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Concrete – Representational – Abstract:

Updated: Aug 12, 2018

An Instructional Strategy for Math

The goal of mathematics instruction is for lessons to occur in a step-by-step manner, allowing the learner to move from needing concrete manipulatives to solve a problem to a point where they are able to think abstractly through the steps to solve a problem (Miller & Mercer, 1993).

Mathematics can be a challenging topic for students who have learning disabilities (LDs), especially as the concepts and instructional methods become more abstract.  Prior literature reviews have found using direct and explicit instruction for students with LDs in mathematics to have strong effect sizes (e.g., Baker, Gersten & Dae-Sik, 2002; Gersten, Chard, Jayanthi, Baker, Morphy & Flojo, 2009; Zheng, Flynn & Swanson, 2013).

The Concrete – Representational – Abstract (CRA; also known as Concrete – Semiconcrete – Abstract) instructional strategy combines effective components of both behaviourist (direct instruction) and constructivist (discovery-learning) practices (Sealander, Johnson, Lockwood & Medina, 2012; Mercer & Miller, 1992). 

CRA uses demonstration, modeling, guided practice followed by independent practice and immediate feedback which are aspects commonly found in direct instruction.  CRA also includes discovery-learning strategies involving representation to help students’ transition between conceptual knowledge and procedural knowledge  (Sealander, Johnson, Lockwood & Medina, 2012).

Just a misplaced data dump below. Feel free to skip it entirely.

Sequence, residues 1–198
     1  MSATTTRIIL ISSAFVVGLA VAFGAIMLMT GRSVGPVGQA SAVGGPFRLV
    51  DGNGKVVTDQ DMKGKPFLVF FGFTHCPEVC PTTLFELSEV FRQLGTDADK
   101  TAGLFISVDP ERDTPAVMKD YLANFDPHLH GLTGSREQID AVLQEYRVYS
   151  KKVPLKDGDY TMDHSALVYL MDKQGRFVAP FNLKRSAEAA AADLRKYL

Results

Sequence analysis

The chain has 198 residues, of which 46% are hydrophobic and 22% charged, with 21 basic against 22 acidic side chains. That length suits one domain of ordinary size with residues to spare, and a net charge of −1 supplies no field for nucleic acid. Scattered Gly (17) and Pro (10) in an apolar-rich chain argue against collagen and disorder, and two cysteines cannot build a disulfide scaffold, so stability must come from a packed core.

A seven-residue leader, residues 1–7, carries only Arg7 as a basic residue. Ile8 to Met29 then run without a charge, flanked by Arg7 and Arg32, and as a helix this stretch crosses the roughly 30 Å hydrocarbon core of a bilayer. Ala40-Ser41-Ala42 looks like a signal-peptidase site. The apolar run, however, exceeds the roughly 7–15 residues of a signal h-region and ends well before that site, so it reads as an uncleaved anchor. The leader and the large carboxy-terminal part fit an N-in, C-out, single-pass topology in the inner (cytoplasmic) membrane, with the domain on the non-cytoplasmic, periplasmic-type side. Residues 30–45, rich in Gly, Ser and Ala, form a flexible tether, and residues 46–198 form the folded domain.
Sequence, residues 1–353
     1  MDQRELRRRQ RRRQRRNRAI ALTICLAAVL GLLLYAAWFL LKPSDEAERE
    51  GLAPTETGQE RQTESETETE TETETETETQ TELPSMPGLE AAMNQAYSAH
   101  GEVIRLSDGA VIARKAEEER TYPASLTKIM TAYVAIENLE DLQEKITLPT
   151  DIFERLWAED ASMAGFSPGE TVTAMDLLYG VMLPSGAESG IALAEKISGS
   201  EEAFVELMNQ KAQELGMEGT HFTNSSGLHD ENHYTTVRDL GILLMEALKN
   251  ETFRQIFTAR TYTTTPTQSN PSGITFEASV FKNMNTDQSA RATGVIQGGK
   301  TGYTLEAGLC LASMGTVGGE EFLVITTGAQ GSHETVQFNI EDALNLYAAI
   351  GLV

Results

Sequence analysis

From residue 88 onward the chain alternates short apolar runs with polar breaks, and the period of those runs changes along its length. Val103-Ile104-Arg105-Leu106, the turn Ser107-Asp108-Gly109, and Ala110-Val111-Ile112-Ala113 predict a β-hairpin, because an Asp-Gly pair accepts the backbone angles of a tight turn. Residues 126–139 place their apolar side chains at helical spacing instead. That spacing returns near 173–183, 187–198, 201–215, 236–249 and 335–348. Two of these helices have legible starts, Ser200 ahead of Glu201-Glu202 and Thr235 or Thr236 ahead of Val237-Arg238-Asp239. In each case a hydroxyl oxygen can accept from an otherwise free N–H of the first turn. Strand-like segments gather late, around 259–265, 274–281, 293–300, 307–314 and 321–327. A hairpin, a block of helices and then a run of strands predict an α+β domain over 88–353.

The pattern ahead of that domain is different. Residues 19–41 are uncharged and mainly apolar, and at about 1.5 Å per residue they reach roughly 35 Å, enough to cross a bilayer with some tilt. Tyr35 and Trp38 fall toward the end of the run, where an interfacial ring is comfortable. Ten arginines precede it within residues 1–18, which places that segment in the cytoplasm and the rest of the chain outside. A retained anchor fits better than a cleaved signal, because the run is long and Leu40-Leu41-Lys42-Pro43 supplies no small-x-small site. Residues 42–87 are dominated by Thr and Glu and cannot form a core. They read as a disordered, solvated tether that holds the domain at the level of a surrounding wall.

CRA is a sequential three level strategy promoting overall conceptual understanding, procedural accuracy and fluency by employing multisensory instructional techniques when introducing the new concepts.  Each level builds on the concepts taught previously (Witzel, Riccomini & Schneider, 2008).

The three stages

Concrete: During the concrete stage of instruction, three-dimensional objects are employed so students can use the manipulatives to assist while they are learning the new concept (Miller & Kaffar, 2011).  The use of manipulatives increases the number of sensory inputs a student uses while learning the new concept, which improves the chances for a student to remember the procedural steps, needed to solve the problem (Witzel, 2005).

Representational: In the representational stage of instruction, students are taught to use two-dimensional drawings (instead of the manipulatives from the concrete stage) to represent the same concepts.

The manipulations in the concrete and representational stages allow students to rationalize the conceptual mathematical procedures into logical steps and understandable definitions (Witzel, Riccomini, & Schneider, 2008).  When students encounter a difficult mathematical problem, they are able to construct pictorial representations to assist in find the solution (Witzel, 2005).

Abstract: In the abstract stage, students are taught how to translate the two-dimensional drawings into the conventional mathematics notation to solve the problem (Miller & Kaffar, 2011).